(c) because the profits of enterprise were temporarily diminished on account of increased depreciation of fixed capital;
(d) because the ratio of profits to wages fell as a result of the fall in money wages lagging behind the fall in prices, and
(e) because the fall in prices increased the burden of debt, transferring wealth from borrowers to lenders.
Johnson, H. Clark. 1997. Gold, France, and the Great Depression, 1919–1932. Yale University Press, New Haven and London.
Skidelsky, R. J. A. 1983. John Maynard Keynes: Hopes Betrayed 1883–1920 (vol. 1). Macmillan, London.
"(a) because a fall in price between the start and the completion of a transaction involved the trader in loss;"ReplyDelete
I don't see how this could be he case if the fall in price was due to productivity improvements. In this case the supplier chooses to lower prices as a result of lower costs. Other (less productive) suppliers may experience what you describe but their losses would be offset by others gains so this could not be a general phenomenon.
What is being described is more consistent with a fall in AD related to changes in money demand (bad deflation in Selgin's model)
"I don't see how this could be he case if the fall in price was due to productivity improvements. In this case the supplier chooses to lower prices as a result of lower costs."Delete
So "good deflation" is being defined as any price reduction from productivity growth that does not cause reduced income or profit?
Yet presumably many types of productivity growth will result in more unemployment and worker income, which is likely to induce a fall in AD.
Changes in prices (and costs) do not affect the society homogeneously, so it may be difficult to separate the 'good' and 'bad' deflation. It is never the case that all humans suddenly become more productive at the same type. For example, what for a factory might be a boon (lower costs of labor leading to the lower price of product allowing to expand market share) for the trader might be ruinous if he expected to sell at high price.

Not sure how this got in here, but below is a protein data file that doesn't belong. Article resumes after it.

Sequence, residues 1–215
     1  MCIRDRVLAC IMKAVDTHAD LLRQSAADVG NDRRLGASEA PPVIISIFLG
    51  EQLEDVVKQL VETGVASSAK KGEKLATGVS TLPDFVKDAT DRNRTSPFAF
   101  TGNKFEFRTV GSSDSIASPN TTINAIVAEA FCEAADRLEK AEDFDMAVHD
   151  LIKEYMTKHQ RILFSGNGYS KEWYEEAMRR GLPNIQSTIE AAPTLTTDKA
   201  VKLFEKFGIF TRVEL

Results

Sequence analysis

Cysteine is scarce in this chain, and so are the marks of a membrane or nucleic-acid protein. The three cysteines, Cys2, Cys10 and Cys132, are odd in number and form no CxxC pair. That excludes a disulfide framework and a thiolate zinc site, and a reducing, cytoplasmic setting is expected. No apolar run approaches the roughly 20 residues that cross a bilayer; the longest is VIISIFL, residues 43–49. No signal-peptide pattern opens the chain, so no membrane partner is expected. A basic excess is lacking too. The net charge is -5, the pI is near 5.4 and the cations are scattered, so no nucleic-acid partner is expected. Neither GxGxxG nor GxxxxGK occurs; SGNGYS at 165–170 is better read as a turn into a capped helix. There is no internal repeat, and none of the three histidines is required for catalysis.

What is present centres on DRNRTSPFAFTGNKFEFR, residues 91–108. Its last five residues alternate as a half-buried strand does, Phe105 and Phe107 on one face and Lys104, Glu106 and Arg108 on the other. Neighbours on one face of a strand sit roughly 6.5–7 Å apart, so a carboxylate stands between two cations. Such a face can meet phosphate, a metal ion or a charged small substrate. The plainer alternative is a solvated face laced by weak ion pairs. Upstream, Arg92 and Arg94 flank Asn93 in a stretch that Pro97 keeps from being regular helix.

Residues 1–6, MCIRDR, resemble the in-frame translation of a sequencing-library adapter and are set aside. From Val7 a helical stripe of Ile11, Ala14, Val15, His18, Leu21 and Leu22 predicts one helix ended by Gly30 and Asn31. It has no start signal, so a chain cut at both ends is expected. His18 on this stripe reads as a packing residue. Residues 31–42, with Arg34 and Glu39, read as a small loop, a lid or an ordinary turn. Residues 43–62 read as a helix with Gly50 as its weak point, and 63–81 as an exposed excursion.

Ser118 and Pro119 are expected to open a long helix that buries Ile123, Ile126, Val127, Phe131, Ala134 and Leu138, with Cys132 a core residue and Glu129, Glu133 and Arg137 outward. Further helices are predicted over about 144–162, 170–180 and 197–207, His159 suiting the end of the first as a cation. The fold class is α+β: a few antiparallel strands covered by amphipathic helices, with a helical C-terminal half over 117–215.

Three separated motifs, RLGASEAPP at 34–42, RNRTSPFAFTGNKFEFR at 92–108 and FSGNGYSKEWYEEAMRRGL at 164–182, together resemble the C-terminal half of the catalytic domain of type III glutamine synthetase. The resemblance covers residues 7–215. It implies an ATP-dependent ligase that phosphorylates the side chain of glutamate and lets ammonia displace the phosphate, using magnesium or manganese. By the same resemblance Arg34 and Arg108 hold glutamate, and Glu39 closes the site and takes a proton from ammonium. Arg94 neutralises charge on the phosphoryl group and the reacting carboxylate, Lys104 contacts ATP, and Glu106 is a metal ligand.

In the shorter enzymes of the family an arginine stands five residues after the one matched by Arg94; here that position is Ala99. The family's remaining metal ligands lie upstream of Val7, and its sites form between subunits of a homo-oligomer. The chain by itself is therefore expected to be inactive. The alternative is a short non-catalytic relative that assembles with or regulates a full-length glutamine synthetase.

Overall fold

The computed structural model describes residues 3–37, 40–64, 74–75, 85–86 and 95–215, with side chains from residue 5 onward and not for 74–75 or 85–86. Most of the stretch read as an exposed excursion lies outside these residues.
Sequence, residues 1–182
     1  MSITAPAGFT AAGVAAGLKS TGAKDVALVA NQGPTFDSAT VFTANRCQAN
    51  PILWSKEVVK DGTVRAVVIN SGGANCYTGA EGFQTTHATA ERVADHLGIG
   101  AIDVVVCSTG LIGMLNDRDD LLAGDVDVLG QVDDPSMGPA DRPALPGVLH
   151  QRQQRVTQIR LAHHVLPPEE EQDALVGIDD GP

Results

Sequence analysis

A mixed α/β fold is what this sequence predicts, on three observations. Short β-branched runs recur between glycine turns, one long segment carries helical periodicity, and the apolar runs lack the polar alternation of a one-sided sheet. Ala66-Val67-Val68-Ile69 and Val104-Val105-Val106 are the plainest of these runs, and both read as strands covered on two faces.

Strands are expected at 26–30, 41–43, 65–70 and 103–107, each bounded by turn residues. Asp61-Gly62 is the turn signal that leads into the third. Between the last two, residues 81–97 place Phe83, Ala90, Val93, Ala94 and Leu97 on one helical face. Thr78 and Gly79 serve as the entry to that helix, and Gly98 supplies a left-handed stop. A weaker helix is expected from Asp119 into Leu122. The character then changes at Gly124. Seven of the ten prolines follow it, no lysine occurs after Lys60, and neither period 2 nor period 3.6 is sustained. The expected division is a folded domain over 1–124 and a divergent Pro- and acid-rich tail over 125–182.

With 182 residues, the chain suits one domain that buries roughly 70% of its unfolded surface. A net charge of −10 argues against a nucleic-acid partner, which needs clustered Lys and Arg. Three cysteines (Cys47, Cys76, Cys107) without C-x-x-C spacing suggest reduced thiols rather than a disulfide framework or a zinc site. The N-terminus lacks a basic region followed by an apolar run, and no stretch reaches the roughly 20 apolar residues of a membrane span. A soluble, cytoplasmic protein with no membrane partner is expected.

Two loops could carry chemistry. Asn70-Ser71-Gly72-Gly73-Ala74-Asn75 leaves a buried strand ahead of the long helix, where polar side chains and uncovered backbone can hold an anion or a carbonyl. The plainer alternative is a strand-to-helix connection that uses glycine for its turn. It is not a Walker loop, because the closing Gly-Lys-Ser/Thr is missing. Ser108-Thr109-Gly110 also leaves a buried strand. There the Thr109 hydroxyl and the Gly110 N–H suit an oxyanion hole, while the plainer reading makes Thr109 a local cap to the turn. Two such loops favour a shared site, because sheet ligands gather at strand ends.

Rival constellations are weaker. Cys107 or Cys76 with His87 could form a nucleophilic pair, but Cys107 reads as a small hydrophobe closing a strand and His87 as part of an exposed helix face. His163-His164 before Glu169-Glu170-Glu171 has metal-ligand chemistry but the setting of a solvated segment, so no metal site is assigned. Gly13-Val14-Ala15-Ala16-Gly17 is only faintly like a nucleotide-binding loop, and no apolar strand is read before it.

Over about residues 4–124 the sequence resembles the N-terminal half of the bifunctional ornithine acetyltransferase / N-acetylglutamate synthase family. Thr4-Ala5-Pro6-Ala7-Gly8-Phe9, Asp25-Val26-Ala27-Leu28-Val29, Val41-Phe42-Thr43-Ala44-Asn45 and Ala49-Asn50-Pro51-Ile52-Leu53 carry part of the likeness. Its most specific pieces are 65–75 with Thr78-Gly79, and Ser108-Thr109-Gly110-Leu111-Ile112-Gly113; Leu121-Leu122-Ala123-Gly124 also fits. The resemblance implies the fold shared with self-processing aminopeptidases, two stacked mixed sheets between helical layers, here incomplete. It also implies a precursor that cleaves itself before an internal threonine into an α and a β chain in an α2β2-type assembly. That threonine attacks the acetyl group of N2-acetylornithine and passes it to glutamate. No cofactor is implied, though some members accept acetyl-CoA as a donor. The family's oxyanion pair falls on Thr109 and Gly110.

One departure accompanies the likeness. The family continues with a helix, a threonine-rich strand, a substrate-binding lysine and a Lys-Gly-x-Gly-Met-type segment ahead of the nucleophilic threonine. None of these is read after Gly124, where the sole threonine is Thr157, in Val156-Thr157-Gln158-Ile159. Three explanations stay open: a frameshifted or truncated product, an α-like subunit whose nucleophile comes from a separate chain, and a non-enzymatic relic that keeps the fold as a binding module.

If, for example, the owner of factory lays off half of his workers due to their improved productivity, then it is certain that while searching for a job those workers will have greatly reduced effective demand (sans government transfers) for some indeterminate time. Even if factory owner is better off and workers are able to find work quickly, that simply must affect macroeconomical situation to some extent.
I don't even think that this is an anti-Austrian idea - especially since Austrian economics always considered heterogeneity of agents and capital and distortions in price systems to be very important.
So your envisaging something like a productivity increase for a good whose demand is relatively inelastic leading to less workers being employed in that industry - leading to some sort of AD shock ?Delete
I guess that's possible (though empirical evidence does not show much correlation between high productivity growth and high unemployment). But remember even if that was the case then an appropriate monetary regime would always allow AD and employment to remain at the optimum level.
Assuming you replied to me - yes, I envisage something like this. But my point is not that productivity increases are potentially dangerous(they could be), my point is that things that happen on the micro-level could not be independent of what happens on the larger scale, so 'good' and 'bad' effects of deflation (or, conversely, inflation) are, in effect, inseparable.
Productivity growth leading to lower prices will make some agents better off - but also some agent worth off, as shown by JN Keynes. No monetary regime could alter this situation quickly enough for AD or employment to remain unaffected.
"Productivity growth leading to lower prices will make some agents better off - but also some agent worth off,"Delete
I agree with this, though for society as a while surely being able to produce more output with the same inputs has got to be good, right ?
Monetary theory does indeed claim that if the money supply can be adjusted appropriately then the effects of AD shocks (such as you envisage following an improvement on the supply side) can be minimized and full employment maintained
There is no such thing as society (c). Well, maybe there is, but I think that evaluating some outcome as 'good' for an abstract entity puts us on a treacherous ground. If most are better off when some are worse off as a result of productivity increase, then how you balance their interests is a question of ethics (and politics). It's probably not a problem to produce a lot more stuff even with higher levels of unemployment, or with most of the population living in increasingly miserable living conditions, but it is usually recognized by the social consensus that some basic rights of population must be prioritized over just producing more.